We’re often told to avoid overstimulation in the early months because it will lead to sleep issues and fussiness. However, a lack of stimulation and being inside the same four walls day after day usually results in a grumpy baby (and mumma!). Instead, do things that bring you joy, and that nourish your baby’s appetite for sensory stimulation.There’s no need to obsess over naps, awake windows, or clock-watching.
In the evening, keep stimulation to quiet and calm activities. Before bed, this could be skin-to-skin time, a baby massage, or a calming warm bath together as a lovely way to relax and wind down. Create some consistent positive sleep associations each night to signal that bedtime is approaching. Use a room diffuser in the house with a calm baby-safe blend and play some soothing lullabies. Think baby day spa!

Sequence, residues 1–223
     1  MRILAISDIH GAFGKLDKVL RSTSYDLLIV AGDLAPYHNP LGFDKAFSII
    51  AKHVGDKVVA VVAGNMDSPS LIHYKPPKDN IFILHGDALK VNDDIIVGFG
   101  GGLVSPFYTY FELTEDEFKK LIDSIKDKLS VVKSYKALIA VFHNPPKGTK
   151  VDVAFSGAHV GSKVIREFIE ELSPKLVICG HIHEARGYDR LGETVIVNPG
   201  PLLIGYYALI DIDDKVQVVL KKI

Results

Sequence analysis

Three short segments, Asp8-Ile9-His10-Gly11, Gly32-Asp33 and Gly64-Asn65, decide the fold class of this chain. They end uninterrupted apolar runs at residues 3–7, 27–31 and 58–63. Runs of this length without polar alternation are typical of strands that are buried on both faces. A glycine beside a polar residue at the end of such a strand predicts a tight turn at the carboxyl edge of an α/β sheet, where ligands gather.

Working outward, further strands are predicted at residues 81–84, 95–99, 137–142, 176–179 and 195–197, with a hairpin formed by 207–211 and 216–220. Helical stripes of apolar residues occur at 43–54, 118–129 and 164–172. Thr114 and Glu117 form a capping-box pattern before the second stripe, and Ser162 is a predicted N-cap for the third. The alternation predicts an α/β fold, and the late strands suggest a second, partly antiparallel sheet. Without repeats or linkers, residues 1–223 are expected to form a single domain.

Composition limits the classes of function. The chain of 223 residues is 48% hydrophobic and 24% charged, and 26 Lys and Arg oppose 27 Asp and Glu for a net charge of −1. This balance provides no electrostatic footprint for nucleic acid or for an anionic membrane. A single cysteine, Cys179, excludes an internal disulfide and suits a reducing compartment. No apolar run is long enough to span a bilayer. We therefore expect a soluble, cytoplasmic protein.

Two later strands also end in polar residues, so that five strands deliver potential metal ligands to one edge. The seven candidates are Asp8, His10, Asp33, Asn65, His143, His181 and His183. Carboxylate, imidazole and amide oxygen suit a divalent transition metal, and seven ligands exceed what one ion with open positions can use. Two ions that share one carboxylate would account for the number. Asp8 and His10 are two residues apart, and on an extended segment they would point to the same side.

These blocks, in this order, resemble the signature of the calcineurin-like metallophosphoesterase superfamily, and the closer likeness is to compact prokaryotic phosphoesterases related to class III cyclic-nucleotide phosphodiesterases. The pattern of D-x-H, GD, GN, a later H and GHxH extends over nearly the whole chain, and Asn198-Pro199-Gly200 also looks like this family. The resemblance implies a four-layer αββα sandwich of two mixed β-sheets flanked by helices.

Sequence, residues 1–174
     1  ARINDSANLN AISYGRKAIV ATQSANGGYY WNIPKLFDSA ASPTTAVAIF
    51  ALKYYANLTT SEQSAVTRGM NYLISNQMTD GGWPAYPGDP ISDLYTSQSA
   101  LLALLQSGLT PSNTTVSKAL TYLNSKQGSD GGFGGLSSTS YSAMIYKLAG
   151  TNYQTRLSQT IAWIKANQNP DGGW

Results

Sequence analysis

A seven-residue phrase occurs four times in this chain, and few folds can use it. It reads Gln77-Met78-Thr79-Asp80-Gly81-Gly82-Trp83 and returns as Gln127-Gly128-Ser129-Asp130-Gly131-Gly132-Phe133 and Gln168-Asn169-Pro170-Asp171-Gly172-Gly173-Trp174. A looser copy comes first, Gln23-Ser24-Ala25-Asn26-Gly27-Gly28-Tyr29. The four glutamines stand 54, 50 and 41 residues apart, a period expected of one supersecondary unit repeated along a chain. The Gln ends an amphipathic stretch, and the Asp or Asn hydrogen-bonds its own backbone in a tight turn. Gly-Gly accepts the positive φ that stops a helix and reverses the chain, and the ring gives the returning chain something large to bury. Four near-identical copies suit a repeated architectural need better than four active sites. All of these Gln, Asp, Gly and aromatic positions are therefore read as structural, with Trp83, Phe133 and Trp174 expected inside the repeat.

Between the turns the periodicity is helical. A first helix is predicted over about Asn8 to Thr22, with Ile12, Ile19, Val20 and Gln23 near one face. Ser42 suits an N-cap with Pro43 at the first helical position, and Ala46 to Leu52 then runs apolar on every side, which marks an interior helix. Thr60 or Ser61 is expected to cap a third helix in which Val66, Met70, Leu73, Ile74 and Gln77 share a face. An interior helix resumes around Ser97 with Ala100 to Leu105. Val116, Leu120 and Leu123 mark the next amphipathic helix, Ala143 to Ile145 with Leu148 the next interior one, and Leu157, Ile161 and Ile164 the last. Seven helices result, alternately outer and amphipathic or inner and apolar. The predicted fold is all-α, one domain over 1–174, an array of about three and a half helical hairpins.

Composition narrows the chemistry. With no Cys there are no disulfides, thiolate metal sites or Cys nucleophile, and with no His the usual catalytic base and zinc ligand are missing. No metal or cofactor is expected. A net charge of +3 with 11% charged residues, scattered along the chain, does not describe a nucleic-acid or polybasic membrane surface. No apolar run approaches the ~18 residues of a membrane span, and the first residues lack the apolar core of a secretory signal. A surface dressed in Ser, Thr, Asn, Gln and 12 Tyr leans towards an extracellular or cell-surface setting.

Humans are a contact species. Your baby will most likely be happiest when you’re holding them. For naps and unsettled periods, do what works for you and your baby. Get yourself a really comfortable baby carrier, and wear them often to keep them calm and so you can go about your daily activities.
You can’t love your baby too much, or create ‘bad sleep habits’ at night. The best thing you can do from the start is to nurture your baby to sleep, so do what works for your baby: rock them, cuddle them, and feed them to sleep. Sleep is not something you can teach a baby, but you can promote a sense of security so that when they’re developmentally ready, they will begin to sleep independently. A good lightweight, breathable swaddle will help them to feel more secure, and emulate the snug experience of the womb.